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Homesimplicity of the alternating groups

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# simplicity of the alternating groups

###### Theorem 1.

If $n\geq 5$, then the alternating group on $n$ symbols, $A_{n}$, is simple.

Throughout the proof we extensively employ the cycle notation, with composition on the left, as is usual. The symmetric group on $n$ symbols is denoted by $S_{n}$.

The following observation will be useful. Let $\pi$ be a permutation written as disjoint cycles

$\pi=(a_{1},a_{2},\ldots,a_{k})(b_{1},b_{2},\ldots,b_{l})\ldots(c_{1},\ldots,c_% {m})$ |

It is easy to check that for every permutation $\sigma\in S_{n}$ we have

$\sigma\pi\sigma^{{-1}}=(\sigma(a_{1}),\sigma(a_{2}),\ldots,\sigma(a_{k}))\,(% \sigma(b_{1}),\sigma(b_{2}),\ldots\sigma(b_{l}))\,\ldots(\sigma(c_{1}),\ldots,% \sigma(c_{m}))$ |

As a consequence, two permutations of $S_{n}$ are conjugate exactly when they have the same cycle type.

Two preliminary results will also be necessary.

###### Lemma 2.

The set of cycles of length $3$ generates $A_{n}$.

###### Proof.

A product of $3$-cycles is an even permutation, so the subgroup generated by all $3$-cycles is therefore contained in $A_{n}$. For the reverse inclusion, by definition every even permutation is the product of even number of transpositions. Thus, it suffices to show that the product of two transpositions can be written as a product of $3$-cycles. There are two possibilities. Either the two transpositions move an element in common, say $(a,b)$ and $(a,c)$, or the two transpositions are disjoint, say $(a,b)$ and $(c,d)$. In the former case,

$(a,b)(a,c)=(a,c,b),$ |

and in the latter,

$(a,b)(c,d)=(a,b,d)(c,b,d).$ |

This establishes the first lemma. ∎

###### Lemma 3.

If a normal subgroup $N\triangleleft A_{n}$ contains a $3$-cycle, then $N=A_{n}$.

###### Proof.

We will show that if $(a,b,c)\in N$, then the assumption of normality implies that any other $(a^{{\prime}},b^{{\prime}},c^{{\prime}})\in N$. This is easy to show, because there is some permutation in $\sigma\in S_{n}$ that under conjugation takes $(a,b,c)$ to $(a^{{\prime}},b^{{\prime}},c^{{\prime}})$, that is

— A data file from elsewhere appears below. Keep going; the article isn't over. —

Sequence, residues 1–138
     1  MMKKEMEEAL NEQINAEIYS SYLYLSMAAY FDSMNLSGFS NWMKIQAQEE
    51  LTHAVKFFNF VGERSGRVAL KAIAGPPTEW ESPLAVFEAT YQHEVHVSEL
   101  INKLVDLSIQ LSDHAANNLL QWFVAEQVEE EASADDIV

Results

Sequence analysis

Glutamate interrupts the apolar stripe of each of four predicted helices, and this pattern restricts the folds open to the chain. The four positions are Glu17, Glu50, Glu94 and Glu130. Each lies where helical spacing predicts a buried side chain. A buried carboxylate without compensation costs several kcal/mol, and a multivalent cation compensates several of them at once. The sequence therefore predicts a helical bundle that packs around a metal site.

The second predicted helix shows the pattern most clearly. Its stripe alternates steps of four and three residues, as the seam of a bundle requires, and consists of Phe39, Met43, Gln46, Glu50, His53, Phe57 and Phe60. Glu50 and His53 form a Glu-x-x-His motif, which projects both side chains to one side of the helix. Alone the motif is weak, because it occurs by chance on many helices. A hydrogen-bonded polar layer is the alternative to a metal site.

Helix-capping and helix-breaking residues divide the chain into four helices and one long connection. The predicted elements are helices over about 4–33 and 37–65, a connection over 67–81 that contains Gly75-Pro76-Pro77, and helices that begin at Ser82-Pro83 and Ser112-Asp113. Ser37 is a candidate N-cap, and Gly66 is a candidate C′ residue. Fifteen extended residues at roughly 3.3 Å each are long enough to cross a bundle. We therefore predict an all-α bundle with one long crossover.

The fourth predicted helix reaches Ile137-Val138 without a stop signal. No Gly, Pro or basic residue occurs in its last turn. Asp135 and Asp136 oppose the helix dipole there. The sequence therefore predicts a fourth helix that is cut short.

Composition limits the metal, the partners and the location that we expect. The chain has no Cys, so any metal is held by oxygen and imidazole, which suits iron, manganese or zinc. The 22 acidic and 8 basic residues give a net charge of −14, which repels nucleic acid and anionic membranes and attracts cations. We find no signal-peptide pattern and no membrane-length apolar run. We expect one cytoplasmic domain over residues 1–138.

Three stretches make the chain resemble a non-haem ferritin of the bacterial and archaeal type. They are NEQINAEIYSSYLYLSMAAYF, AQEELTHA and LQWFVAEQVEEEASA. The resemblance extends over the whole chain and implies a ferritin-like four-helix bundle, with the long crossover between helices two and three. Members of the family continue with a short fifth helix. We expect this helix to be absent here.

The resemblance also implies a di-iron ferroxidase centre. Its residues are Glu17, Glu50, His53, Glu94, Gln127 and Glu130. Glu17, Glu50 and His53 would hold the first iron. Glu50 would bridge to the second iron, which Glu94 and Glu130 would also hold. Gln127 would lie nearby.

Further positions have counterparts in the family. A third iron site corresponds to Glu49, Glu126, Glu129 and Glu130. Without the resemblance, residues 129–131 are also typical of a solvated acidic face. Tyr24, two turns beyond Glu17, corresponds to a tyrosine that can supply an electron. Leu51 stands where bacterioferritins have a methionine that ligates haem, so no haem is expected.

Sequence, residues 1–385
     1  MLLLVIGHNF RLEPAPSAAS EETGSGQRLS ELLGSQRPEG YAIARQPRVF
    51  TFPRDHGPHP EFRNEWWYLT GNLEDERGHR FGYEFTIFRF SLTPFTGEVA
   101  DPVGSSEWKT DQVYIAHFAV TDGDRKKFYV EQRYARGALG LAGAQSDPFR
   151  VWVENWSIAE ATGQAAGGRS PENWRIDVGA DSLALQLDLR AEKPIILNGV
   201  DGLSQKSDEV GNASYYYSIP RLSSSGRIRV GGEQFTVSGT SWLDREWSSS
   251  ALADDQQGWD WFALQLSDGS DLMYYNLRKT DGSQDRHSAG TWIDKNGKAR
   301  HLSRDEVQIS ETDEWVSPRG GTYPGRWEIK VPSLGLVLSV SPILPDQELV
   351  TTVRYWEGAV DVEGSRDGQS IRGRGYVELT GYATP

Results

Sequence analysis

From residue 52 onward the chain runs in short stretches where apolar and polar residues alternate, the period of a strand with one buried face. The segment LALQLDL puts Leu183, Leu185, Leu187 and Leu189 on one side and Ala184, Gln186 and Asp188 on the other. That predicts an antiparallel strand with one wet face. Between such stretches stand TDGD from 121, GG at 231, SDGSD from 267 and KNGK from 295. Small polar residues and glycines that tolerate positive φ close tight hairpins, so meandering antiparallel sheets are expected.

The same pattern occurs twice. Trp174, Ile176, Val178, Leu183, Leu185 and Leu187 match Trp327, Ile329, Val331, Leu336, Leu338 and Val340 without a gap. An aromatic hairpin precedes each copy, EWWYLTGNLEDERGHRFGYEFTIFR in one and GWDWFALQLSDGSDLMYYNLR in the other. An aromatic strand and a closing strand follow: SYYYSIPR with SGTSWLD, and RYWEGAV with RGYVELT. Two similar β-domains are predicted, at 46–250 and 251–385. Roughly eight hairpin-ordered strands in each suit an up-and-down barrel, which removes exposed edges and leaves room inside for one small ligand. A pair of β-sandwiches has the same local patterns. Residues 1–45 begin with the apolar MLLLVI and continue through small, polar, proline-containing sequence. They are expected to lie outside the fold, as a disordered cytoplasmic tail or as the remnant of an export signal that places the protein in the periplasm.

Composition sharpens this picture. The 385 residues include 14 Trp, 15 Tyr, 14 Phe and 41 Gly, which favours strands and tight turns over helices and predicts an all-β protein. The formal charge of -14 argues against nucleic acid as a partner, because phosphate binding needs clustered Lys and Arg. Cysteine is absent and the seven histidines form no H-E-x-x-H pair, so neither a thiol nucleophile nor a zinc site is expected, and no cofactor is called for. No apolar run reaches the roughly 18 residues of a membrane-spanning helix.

$\sigma(a,b,c)\sigma^{{-1}}=(\sigma(a),\sigma(b),\sigma(c))=(a^{{\prime}},b^{{% \prime}},c^{{\prime}}).$ |

In case $\sigma$ is odd, then (because $n\geq 5$) we can choose some transposition $(d,e)\in A_{n}$ disjoint from $(a^{{\prime}},b^{{\prime}},c^{{\prime}})$ so that

$\sigma(a,b,c)\sigma^{{-1}}=(d,e)(a^{{\prime}},b^{{\prime}},c^{{\prime}})(d,e),$ |

that is,

$\sigma^{{\prime}}(a,b,c)\sigma^{{\prime-1}}=(d,e)\sigma(a,b,c)\sigma^{{-1}}(d,% e)=(a^{{\prime}},b^{{\prime}},c^{{\prime}})$ |

where $\sigma^{{\prime}}$ is even. This means that $N$ contains all $3$-cycles, as $N\triangleleft A_{n}$. Hence, by previous lemma $N=A_{n}$ as required. ∎

# Proof of theorem.

Let $N\triangleleft A_{n}$ be a non-trivial normal subgroup. We will show that $N=A_{n}$. The proof now proceeds by cases. In each case, the normality of $N$ will allow us to reduce the proof to Lemma 2 or to one of the previous cases.

# Case 1.

Suppose that there exists a $\pi\in N$ that, when written as disjoint cycles, has a cycle of length at least $4$, say

$\pi=(a_{1},a_{2},a_{3},a_{4},\ldots)\ldots$ |

Upon conjugation by $(a_{1},a_{2},a_{3})\in A_{n}$, we obtain

$\pi^{{\prime}}=(a_{1},a_{2},a_{3})\pi(a_{3},a_{2},a_{1})=(a_{2},a_{3},a_{1},a_% {4},\ldots)\ldots$ |

Hence, $\pi^{{\prime}}\in N$, and hence $\pi^{{\prime}}\pi^{{-1}}=(a_{1},a_{2},a_{4})\in N$ also. Notice that the rest of the cycles cancel. By Lemma 3, $N=A_{n}$.

# Case 2.

Suppose that there exists a $\pi\in N$ whose disjoint cycle decomposition has at least two cycles of length 3, say

$\pi=(a,b,c)(d,e,f)\ldots$ |

Conjugation by $(c,d,e)\in A_{n}$ implies that $N$ also contains

$\pi^{{\prime}}=(c,d,e)\pi(e,d,c)=(a,b,d)(e,c,f)\ldots$ |

Hence, $N$ also contains $\pi^{{\prime}}\pi=(a,d,c,b,f)\ldots$. This reduces the proof to Case 1.

# Case 3.

# Case 4.

Suppose there exists a $\pi\in N$ of the form $\pi=(a,b)(c,d)$. Conjugating by $(a,e,b)$ with $e$ distinct from $a,~{}b,~{}c,~{}d$ (at least one such $e$ exists, as $n\geq 5$) yields

$\pi^{{\prime}}=(a,e,b)\pi(b,e,a)=(a,e)(c,d)\in N.$ |

Hence $\pi^{{\prime}}\pi=(a,b,e)\in N$. Again, Lemma 3 applies.

# Case 5.

Suppose that $N$ contains a permutation of the form

$\pi=(a_{1},b_{1})(a_{2},b_{2})(a_{3},b_{3})(a_{4},b_{4})\ldots$ |

This time we conjugate by $(a_{2},b_{1})(a_{3},b_{2})$.

$\pi^{{\prime}}=(a_{2},b_{1})(a_{3},b_{2})\pi(a_{3},b_{2})(a_{2},b_{1})=(a_{1},% a_{2})(a_{3},b_{1})(b_{2},b_{3})(a_{4},b_{4})\ldots.$ |

Observe that

$\pi^{{\prime}}\pi=(a_{1},a_{3},b_{2})(a_{2},b_{3},b_{1})\ldots,$ |

which reduces the proof to Case 2.

Since there exists at least one non-identity $\pi\in N$, and since this $\pi$ is covered by one of the above cases, we conclude that $N=A_{n}$, as was to be shown.

## Mathematics Subject Classification

20D06*no label found*20E32

*no label found*

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## Comments

## strange rendering problem

When I view this entry in page image mode, it does not show anything

past the second lemma. In fact, I almost filed a correction asking

the author to finish the proof!